The Current State of Russian Agriculture – Part II

Dear Readers:

Continuing to work through this piece by analyst Mikhail Kuvyrko.  We left off detailing all the good news and positive indicators which Russian agriculture achieved in the Calendar Year 2019.  Next we have to work through those issues which my boss would delicately deem as “opportunities for improvement” !

As early as 2018 some signs of trouble in the Russian Agro-Industiral Complex (АПК), involving a series of bankrupties of various enterprises.  The most glaring example from this series, being a group of companies called “Evrodon” from the Rostov Oblast.  Formerly the biggest hugest company producing turkey meat for the Russian market.

“Uprising starts tomorrow at dawn… pass it on…”

According to their still-existing website, Evrodon (Eurodon) was established in 2003 to produce various products, of which the flagship product was turkey meat.  The project was financed by the State Bank For Development and External Enterprise (Внешэкономбанк).

The secret of Eurodon’s success was a mastery of world technologies involving the raising and slaughter of poultry.  “A clustered approach to the organization of production, a developed feed basis…. One of the key factors of success involved the development of its own native stock, in addition to commercial stock…”

Vaneev: “We haff ways to make you talk.” Turkey: “Ya got nuttin’ on me, copper!”

Evrodon pioneered the industrial-scale slaughter of turkeys within the Russian Federation.  Starting from zero, within 10 years they had worked their way up to grab a full quarter of the Russian market for turkey meat.  At their peak they produced over 500,000 tons of turkey meat — per day!  Also mastering the technology of freezing meat and supplying their customers with high quality meat, not just turkey, but also sausages, hams, and other delicacies.  At their peak their agro-complex campus occupied over 1800 hectares of land in the Rostov Oblast.

So, what happened?  Apparently a series of problems, including an outbreak of bird flu.  Also corporate incompetence, conflicts within management, accumulation of debts, etc.  In 2016 Eurodon enjoyed a profit of 8.6 billion rubles, but soon thereafter the problems began.  The company was led by a charismatic businessman named Vadim Vaneev, an Ossetian enterpreneur whose genius was to market turkey (an unfamiliar meat to most Russians) as the thing to eat for Easter dinner!  Despite his talent, Vaneev proved unable to come up with a plan to restructure the company’s debts and loans.  The main creditor was the aforementioned bank, Внешэкономбанк.  Who proved unforgiving, and thus the company had to declare bankruptcy.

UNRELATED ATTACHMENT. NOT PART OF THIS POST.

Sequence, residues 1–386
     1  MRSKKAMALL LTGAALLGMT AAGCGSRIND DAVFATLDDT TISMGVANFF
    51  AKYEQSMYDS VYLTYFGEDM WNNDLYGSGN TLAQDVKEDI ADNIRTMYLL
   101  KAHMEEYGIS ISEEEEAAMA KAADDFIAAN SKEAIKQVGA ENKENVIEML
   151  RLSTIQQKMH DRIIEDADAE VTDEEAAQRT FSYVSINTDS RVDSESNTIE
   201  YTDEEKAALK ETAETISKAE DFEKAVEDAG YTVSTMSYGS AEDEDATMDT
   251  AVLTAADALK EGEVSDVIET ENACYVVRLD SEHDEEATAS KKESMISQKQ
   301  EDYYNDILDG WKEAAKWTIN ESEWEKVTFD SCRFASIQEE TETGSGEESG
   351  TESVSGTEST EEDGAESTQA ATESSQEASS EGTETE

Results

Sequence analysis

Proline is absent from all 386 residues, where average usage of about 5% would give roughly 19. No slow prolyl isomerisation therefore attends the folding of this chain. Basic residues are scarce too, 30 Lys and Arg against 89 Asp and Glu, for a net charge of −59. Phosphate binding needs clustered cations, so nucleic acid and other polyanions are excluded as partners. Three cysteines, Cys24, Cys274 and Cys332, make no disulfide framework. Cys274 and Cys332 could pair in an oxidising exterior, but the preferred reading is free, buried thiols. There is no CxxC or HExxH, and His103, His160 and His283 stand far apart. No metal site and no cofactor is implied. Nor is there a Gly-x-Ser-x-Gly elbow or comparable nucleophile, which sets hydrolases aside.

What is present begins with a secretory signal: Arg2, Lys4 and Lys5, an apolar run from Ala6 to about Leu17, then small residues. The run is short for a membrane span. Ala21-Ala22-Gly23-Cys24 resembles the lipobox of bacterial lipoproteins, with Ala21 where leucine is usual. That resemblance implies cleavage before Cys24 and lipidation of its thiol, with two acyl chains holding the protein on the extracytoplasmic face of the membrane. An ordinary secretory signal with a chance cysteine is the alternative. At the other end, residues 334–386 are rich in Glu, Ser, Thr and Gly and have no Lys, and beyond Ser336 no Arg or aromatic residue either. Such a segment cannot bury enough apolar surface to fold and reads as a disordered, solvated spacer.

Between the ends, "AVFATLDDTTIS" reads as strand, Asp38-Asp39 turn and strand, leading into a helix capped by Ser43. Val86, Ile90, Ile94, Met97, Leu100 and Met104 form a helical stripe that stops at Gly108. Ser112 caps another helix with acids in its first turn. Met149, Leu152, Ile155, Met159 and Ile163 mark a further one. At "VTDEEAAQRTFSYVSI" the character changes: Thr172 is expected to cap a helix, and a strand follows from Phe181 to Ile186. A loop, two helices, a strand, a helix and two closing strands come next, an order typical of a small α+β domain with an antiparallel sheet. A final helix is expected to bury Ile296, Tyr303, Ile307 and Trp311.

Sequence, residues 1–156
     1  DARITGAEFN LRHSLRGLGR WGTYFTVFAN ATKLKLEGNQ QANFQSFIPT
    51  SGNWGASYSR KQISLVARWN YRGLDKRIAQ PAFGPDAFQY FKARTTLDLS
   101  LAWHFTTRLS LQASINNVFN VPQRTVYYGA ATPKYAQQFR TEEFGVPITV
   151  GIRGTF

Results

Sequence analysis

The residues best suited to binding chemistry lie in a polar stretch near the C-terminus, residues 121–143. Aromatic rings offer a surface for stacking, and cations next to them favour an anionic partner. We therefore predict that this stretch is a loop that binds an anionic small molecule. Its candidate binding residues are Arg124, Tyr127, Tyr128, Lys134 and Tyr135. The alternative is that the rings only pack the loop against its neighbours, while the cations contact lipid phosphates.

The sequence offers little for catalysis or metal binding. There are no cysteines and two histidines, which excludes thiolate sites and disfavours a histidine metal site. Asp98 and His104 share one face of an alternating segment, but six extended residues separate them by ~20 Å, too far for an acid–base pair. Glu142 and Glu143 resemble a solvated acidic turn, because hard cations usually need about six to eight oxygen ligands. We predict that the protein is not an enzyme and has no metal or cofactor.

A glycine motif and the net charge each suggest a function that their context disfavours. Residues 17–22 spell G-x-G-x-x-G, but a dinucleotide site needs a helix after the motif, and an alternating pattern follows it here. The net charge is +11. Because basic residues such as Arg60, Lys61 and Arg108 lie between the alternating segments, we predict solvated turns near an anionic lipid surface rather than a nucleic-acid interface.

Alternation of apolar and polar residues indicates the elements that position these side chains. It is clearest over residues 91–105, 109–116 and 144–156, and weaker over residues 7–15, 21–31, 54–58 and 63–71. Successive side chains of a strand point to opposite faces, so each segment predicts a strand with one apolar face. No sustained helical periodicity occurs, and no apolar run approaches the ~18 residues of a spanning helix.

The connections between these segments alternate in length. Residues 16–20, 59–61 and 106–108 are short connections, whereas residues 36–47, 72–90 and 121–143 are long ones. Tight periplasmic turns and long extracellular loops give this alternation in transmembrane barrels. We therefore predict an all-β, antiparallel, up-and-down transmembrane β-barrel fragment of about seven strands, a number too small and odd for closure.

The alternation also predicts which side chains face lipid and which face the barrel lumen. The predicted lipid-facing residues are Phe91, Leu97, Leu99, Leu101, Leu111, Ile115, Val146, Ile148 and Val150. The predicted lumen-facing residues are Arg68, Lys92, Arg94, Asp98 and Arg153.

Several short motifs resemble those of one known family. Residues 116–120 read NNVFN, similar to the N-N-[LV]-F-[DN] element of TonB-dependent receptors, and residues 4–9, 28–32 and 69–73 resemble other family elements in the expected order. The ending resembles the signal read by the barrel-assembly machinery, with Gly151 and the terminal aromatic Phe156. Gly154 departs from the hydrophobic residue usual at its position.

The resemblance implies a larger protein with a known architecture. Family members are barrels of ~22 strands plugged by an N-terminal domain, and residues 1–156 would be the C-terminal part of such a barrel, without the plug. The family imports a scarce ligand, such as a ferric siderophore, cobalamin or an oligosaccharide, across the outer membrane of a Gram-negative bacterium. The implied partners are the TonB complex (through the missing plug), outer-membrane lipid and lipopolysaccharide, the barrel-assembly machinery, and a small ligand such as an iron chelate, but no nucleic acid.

“Who you callin’ a broiler?”

Still another famous bankruptcy, and this one also involved fowls:  “White Bird”, a company that produced broilers (бройлеры) for the Kursk, Belgorod and Rostov oblasts.  They too could not satisfy their main creditor, in this case PromSvyazBank.

I had to look up the word “broiler” – we’re talking hens, pretty much, no?

In the year 2019 these series of regional bankruptcies accelerated.  All of this explained by analysts working for the Center of Macro-Economic Analysis and Short-Term Prognostication (ЦМАКП).  They note that the First Quarter of (Calendar) 2019 was marked by a steady growth of bankruptcies in the agricultural sector.  Over 50 of them – per month!  In addition to “White Bird” in Kursk, a major bankruptcy involved “South of Siberia” (from the Altai Krai), a company producing oils and lard.  And also many others, and these were companies involving billions of rubles.  [yalensis – Writer doesn’t mention, but one can also imagine the distress of the laid-off workers and the inconvenience to their families.]

In Q2 of 2019:  a new wave of bankruptcies, many of them involving products well known to the Russian consumer.  For example, the Saratov Holding, “Sun Products”, a producer of vegetable oils, margarine and mayonnaise.  Once again, the main issue was debt to the banking sector.

For five years in a row, the author notes, in the food-producing business, Russia has followed this Darwinian process of squeezing out smaller, ineffective companies, and concentration/monopolization of product around the larger, major players.

Next, we will meet a man named Ilya Berezniuk, who will explain these processes in more detail…

[to be continued]

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